Nine-head Bird. There is an opera in Chinese folk art performances named “the Kunpeng bird can fly 90 thousand li by one flip of swings, as fast as Emperor Qin Shihuang unified China”, which adopts the legend of the nine-head bird, also a symbol of wisdom in the folk Chinese culture.

Taishang Laojun. Taishang Laojun, or the “Grand Supreme Elderly Lord”, is a Taoist deity who participated in the creation of the world and is responsible for redemption and admonition of people on earth, according to Chinese mythology and literary classics such as Journey to the West, Investiture of the Gods, etc. The seven motifs of bagua along the outline this facial makeup signifies Taishang Laojun’s status as the founder of Taoism.

Yang Ren. Yang Ren is a character in the classic ancient Chinese novel Investiture of the Gods who was rescued by Daode Zhenjun after his eyes were dug out and body discarded by the notorious tyrant King Zhou of the Shang dynasty (ca. 1600-1046 BC). This figure appears in Chinese literature and art usually in an image with eyes growing from hands, and hands growing out of eyes. This facial make-up has not only adopted an exaggerated design on the eyes of Yang Ren, but also achieved breakthrough in the shaping.

Chi You. Legend has it that Chi You, leader of the Jiu Li Tribe in ancient China, was a figure with an ox face and two wings on the back. Known for his bravery in battles, Chi You was seen as god of war. The make-up of Chi You in folk operas features the most diversified designs, with the least restrictions.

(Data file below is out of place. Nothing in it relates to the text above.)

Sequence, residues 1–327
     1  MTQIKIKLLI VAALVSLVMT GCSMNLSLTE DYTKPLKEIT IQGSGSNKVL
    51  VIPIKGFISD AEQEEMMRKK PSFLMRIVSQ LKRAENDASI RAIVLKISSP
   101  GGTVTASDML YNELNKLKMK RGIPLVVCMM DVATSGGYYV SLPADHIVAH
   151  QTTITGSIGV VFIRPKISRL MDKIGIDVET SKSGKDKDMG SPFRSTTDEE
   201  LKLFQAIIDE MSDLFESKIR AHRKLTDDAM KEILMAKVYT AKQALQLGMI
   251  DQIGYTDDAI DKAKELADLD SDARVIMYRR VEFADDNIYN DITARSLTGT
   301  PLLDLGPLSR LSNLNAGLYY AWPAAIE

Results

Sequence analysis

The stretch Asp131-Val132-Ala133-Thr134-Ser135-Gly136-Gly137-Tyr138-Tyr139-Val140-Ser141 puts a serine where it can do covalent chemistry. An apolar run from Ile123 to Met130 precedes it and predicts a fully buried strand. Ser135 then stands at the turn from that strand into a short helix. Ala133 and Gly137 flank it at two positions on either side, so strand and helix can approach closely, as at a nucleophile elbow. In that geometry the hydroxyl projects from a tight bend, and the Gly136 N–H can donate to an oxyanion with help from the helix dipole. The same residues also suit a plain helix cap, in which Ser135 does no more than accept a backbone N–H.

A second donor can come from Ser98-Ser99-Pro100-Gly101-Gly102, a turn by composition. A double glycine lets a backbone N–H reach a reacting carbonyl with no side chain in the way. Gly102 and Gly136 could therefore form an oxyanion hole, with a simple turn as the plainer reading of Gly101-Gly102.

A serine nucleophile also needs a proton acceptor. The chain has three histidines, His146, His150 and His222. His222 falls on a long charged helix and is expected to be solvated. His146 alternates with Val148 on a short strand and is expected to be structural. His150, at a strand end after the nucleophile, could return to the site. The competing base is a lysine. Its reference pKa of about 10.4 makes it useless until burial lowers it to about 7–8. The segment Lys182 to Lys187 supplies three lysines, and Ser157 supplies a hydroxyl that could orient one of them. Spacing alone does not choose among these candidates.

Cang Jie. Cang Jie is a legendary figure in Chinese mythology, believed to be an official historian and the inventor of Chinese characters during the reign of the Yellow Emperor, thus gaining the title of “Saint of Chinese Characters” and the honor of character deity in Taoism.

White Elephant on Water-dipper. The white elephant is one of the five monsters in the folk art performance named “Taishang Laojun subduing five monsters”.

White Tiger. As a character in the opera named “Guardian Gods of Five Directions” in Chinese folk art performances, the white tiger is believed to be the auspicious animal guarding the West according to the traditional Chinese Five Elements theory.

Ling Guan, a Taoist Heavenly General believed in Shaanxi province to play the role of protecting people from evil beings, usually appears with a yellow-black tiger as deities leading the way.

Ji Lanying. Ji Lanying is an able, resourceful heroin in the folklore of Shaanxi province. Legend has it that she had a beautiful right side of the face, as shown the exquisite make-up characteristic of pretty female opera roles, but an ugly left side of the face, as displayed by the appalling make-up featuring green spots signifying birthmarks on the forehead, temple and cheek.

Water-dipper-shaped Qilin. Usually made of bamboo strips and vines, water dippers were tools used by ancient Chinese Han people to water crops. The use of such bamboo water dippers required two persons standing face to face, pulling the two ropes attached to two sides of the dipper to fetch water from river.

China Intangible Heritage Industry Alliance